Rabbs and Sonny are so ‘together’. When Rabbs rides him bareback, it is like he is part of Sonny. And Rabbs is way too laid back to insist they do much, So Sonny is very happy (VERY HAPPY) to be with him.
After the Horsenality match, Here I am out going (who knew) and having to slow down and make Sonny right when I want to GO!
What I do see is when he is learning and ENGAGED, he grows energy and becomes my American Warmblood, such big round movements.
I don’t want to slow down, and when I do, We are magnificent together.


Caroline August 16, 2012 at 12:07 am

I am a right-brain introvert and my equine pal is a very smart left-brain introvert. We’re not a good combination because he knows he has all the time in the world to intimidate me, argue, be obstinate and in general make me work way harder when I’m riding than I should have to. My trainer, who does natural horsemanship and is a good rider, has trouble with him, too. I’ve taught him to do all kinds of tricks and games on the ground, but in the saddle is another story. Our relationship has consisted of some nice moments strung between lots of frustration on both our parts.

I’m at my wits’ end and, after five years of this, I’ve decided to sell him. My question is, are there some horse-person relationships that just won’t work or am I just doing it wrong? I feel like I could be a bolder rider if I could consistently trust my horse. Just when I think I can, he pulls a stunt that puts me off balance, mostly figuratively but sometimes literally, too.


Tracey Snow August 21, 2012 at 8:18 pm

I read this with mixed feeling……………………..I know just where you are coming from as I’m RBI with a LBI ! I hope you find the right home for your LBI and go on to find a easier partner.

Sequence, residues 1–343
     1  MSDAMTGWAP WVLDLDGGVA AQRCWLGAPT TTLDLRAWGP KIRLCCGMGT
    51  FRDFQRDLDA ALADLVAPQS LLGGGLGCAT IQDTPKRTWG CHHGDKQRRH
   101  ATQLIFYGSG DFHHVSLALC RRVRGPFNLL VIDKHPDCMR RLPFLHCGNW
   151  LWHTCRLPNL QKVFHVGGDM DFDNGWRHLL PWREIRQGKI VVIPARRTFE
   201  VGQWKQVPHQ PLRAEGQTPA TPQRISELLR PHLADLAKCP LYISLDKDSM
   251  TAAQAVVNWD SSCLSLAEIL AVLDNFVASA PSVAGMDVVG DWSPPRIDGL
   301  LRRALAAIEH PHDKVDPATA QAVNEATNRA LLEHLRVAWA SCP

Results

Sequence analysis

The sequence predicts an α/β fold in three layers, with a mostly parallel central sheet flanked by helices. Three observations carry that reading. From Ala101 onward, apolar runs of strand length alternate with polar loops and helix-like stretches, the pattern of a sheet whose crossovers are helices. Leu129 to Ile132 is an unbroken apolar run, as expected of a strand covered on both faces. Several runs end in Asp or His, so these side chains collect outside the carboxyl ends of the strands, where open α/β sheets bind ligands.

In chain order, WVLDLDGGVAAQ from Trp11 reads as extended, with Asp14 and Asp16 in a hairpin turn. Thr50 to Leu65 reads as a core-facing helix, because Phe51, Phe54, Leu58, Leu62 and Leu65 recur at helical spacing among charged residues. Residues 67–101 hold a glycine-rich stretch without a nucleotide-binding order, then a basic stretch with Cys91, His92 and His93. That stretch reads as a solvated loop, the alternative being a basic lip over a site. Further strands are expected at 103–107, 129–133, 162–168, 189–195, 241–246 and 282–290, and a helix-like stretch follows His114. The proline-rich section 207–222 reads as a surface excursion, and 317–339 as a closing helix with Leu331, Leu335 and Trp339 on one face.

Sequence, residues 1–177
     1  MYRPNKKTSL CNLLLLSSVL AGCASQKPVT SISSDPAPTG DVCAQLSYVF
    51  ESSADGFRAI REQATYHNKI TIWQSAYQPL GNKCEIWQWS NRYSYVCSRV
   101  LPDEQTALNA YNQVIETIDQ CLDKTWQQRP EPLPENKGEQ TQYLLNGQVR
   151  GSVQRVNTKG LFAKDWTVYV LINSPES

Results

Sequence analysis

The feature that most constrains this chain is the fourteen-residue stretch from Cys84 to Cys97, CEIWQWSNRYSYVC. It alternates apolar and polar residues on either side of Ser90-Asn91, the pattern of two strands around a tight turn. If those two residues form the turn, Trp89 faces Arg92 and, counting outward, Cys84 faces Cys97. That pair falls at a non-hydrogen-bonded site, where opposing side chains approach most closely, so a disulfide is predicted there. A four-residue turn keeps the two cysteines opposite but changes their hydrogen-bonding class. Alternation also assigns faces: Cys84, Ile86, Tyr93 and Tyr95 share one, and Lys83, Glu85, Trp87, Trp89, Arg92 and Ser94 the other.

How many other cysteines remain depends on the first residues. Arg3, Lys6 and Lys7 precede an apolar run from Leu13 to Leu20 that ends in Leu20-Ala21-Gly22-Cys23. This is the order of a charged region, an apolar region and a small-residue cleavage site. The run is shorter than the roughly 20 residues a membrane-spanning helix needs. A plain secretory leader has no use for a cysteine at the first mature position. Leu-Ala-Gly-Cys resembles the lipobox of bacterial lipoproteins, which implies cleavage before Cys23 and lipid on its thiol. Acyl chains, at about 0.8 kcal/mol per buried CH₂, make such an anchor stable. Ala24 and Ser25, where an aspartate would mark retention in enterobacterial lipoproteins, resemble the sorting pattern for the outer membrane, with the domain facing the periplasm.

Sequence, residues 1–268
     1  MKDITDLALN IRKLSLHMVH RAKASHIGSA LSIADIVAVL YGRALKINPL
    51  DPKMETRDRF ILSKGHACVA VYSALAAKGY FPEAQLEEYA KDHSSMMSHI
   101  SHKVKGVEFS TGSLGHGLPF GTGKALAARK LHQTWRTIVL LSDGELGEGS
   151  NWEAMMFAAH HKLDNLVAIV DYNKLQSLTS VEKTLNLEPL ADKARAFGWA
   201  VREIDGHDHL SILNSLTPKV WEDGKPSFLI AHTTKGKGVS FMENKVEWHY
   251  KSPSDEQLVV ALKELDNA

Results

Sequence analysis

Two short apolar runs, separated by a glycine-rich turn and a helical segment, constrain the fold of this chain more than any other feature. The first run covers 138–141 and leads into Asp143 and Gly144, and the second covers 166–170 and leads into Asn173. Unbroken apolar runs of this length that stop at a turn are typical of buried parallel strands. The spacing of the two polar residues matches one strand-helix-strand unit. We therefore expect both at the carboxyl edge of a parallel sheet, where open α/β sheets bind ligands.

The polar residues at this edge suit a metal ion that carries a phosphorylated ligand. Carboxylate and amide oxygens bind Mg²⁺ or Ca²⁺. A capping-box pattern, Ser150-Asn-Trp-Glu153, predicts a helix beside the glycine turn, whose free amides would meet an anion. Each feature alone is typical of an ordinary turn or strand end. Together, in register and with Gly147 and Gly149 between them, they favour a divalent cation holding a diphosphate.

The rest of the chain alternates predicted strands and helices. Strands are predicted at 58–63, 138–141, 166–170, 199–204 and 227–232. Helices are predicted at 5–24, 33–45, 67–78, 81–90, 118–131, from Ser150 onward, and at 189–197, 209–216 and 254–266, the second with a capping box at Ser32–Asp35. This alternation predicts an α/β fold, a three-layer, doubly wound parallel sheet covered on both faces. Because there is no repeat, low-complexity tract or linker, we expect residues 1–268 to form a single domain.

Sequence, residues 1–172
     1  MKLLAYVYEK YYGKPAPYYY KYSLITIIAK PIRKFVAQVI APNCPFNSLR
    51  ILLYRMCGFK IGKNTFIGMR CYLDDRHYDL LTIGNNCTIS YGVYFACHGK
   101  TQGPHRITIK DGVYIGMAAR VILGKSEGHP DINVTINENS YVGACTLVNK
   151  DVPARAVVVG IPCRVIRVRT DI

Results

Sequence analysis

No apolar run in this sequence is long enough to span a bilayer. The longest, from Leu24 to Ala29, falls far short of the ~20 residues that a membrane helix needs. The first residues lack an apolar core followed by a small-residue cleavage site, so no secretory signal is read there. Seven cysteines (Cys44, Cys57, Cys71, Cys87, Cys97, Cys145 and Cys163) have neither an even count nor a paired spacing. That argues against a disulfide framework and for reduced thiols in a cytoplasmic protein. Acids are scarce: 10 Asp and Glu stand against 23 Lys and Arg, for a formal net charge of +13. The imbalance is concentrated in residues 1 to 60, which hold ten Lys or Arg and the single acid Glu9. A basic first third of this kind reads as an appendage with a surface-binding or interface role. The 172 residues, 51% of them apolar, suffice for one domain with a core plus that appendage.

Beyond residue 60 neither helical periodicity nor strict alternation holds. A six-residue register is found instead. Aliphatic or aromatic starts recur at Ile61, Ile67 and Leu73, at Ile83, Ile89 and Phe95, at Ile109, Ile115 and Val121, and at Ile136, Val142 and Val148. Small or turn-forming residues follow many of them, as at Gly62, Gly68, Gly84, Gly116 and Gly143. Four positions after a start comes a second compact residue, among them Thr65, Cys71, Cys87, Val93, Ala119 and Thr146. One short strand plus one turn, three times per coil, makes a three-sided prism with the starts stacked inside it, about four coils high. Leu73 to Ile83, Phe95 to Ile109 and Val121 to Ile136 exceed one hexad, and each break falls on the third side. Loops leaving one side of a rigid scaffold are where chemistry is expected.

Caroline August 23, 2012 at 8:06 pm

Thanks, Tracy! Actually, after writing that message, I decided to go back and see what I could do differently and we’ve been having some more unified rides…we’ll see where this goes. What do you do with your horse and what has worked for you both?


Bonnie August 30, 2012 at 4:05 am

Hi Caroline,
I have a RBI/RBE gelding I can play fantastic games with at liberty. When I bought him as a 2 year old, his owners told me not to remove his halter or I would never be able to catch him. I removed his halter immediately. I have worked with him over 7 years. He had 6 months training with a PNH Level 3 professional. I have trail ridden him extensively at the beach, rivers, mountains and lakes. We’ve been horse camping many times. I have ridden him in Dave Ellis’s clinics (excellent). I love my horse, but cannot trust him on the trail. He’s very spooky and over reacts and checks out mentally at seemingly small things. I have 3 other horses I raised using PNH that are great trail horses. I have decided to sell my spooky horse because I don”t want to get hurt (I have already come off 3 times – spin and bolt). I know how you feel because I really love this horse too. Good luck and I wish the best for you.


Caroline September 17, 2012 at 12:20 am

Thanks, Bonnie!


corinne markov July 28, 2012 at 5:22 am

Hi Linda

I have an experience with my left brain extrovert mare, where the idea of being slow and repetitive was the right thing to do for her. She was 6, with a dominant personality – no fear of anything. I thought that keeping provocative and moving so not to let her get bored was best for her – as a result of the programme. However, it was totally the wrong thing for her. In fact, when I sent her away to be trained with a P. professional, she was worse. In the end – very simple and repetitive work gave her back her confidence. Simple and specific was best for her. In fact, she started some basic dressage training – and loved it – because of the clarity of the repetitiveness. So, there you go!


Pattie OBrien May 22, 2012 at 3:33 pm